Kieran O’Hagan is an established writer and former Reader in the School of Social Work at The Queen’s University, Belfast. He worked for over twenty years in the social services in Britain. He has also lectured and worked in Australia, India and the USA. He has published extensively on a wide range of subjects in welfare and in training, including two books for Jessica Kingsley Publishers: Cultural Competence in the Caring Professions and Competence in Social Work Practice: A Practical Guide for Students and Professionals, 2nd edition.

Competence in Social Work Practice

After twenty years of on-going radical reforms in social work education, I believe that trainee social workers now emerge from their courses a good deal more competent in practice than their predecessors. I have always been conscious of the fact, as indeed have been my academic colleagues, that the challenges students have to surmount today, in order to achieve both competence and qualification, are infinitely greater than those we faced ourselves. The frameworks of training are much more comprehensive, the demands of demonstrable practice much more demanding, and the intellectual and organisational testing much more rigorous. For that we must thank those pioneering individuals, i.e., social work leaders, academics and government ministers who pursued the objective of competence-based social work training during the seventies and eighties in the teeth of formidable resistance.

But why is it that a very small number of social workers who have striven so hard to qualify and who have demonstrably proven their competence at the end of their training fail to maintain it in practice? Inquiry reports on child abuse and mental health cases in particular invariably reveal a catalogue of errors that can only be described as incompetence on a grand scale.

How does this happen? It certainly cannot happen overnight. The reports often expose terrible working conditions, e.g., inadequate supervision and resources, and unrealistic caseloads (and that’s even without mention of exceedingly difficult and often intimidating clients). All of these factors may adversely affect the worker’s level of performance, and in some cases, make it virtually impossible to maintain the level of competence already achieved in practice placements, and amply recorded and demonstrated in workers’ portfolio.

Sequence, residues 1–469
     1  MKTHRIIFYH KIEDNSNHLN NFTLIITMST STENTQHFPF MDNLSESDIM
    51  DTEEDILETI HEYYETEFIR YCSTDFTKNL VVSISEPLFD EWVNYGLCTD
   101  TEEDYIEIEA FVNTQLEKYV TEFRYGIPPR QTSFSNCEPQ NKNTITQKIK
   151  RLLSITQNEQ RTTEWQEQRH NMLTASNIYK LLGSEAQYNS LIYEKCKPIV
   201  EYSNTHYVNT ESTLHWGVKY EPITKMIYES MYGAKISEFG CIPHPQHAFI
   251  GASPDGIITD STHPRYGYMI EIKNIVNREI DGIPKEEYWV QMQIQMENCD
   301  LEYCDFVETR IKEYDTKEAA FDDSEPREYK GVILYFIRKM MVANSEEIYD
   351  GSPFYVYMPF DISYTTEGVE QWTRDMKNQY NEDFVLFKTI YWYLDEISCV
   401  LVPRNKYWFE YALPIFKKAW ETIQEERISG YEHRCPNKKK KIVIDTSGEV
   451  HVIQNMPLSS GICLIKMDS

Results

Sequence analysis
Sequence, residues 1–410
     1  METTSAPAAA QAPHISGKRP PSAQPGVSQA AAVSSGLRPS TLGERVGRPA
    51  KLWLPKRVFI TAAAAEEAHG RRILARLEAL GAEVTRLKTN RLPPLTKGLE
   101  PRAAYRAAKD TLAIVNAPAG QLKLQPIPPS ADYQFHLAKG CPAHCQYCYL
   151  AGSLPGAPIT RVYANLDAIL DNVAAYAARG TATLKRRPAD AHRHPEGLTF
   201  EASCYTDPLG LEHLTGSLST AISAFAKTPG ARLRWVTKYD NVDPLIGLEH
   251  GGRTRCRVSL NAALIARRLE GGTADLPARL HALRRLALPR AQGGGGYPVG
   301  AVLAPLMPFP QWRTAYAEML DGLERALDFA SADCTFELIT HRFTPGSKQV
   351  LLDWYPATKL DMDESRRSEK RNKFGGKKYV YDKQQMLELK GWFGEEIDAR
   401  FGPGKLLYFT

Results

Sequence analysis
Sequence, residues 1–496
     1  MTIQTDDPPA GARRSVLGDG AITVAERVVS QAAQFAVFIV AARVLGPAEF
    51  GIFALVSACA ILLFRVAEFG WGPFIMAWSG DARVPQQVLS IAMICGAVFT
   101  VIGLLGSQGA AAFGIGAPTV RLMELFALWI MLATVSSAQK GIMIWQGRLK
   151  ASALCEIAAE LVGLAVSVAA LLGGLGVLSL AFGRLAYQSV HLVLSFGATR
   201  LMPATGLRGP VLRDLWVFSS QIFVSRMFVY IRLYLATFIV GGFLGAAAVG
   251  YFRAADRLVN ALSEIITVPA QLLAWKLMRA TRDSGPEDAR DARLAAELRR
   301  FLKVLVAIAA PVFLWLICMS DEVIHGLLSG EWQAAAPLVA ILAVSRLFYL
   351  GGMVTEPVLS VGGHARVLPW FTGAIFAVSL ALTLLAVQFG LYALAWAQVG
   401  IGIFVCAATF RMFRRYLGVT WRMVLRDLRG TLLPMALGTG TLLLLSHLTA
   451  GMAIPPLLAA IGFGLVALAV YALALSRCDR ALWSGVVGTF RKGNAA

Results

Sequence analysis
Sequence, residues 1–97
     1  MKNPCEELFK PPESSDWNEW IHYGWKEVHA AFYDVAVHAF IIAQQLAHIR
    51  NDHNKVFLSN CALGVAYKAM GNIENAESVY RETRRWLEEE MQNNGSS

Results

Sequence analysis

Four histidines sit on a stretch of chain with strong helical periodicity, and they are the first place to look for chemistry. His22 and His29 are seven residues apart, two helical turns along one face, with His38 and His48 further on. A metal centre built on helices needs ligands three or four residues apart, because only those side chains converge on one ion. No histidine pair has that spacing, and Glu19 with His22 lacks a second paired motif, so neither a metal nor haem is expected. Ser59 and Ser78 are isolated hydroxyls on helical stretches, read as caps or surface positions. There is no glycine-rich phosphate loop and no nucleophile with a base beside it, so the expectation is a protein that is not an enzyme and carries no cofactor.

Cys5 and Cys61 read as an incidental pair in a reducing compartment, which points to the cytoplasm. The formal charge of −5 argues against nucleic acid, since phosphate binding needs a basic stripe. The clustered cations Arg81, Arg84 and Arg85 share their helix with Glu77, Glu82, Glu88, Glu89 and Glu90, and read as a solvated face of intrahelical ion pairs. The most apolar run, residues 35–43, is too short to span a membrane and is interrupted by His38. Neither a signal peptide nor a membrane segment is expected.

Therein I believe, lies both the problem and the solution. Academic trainers and practice teachers rightly spend huge amounts of time attempting to replicate, insofar as is possible, some of the most difficult and challenging social work scenarios imaginable. These are always client-orientated, i.e., the client(s) is the problem, and trainers and students seek to identify the competencies required to deal effectively with it.

But how often do trainers try to replicate what is often a much greater problem (identified above) the working context? How would they begin in recreating the awful stress-laden, modern day, inner-city social services office? And having replicated such conditions, how many trainers are well-enough equipped themselves to identify the competencies workers may require to challenge head-on factors such as woeful, unreliable supervision or ridiculously heavy caseloads? Social work students need to be familiar with these harsh realities of practice long before they qualify. And they must learn to recognise when such conditions are imperceptibly diluting the quality of competence they’ve achieved through so much effort and sacrifice.

Copyright © Jessica Kingsley Publishers 2010

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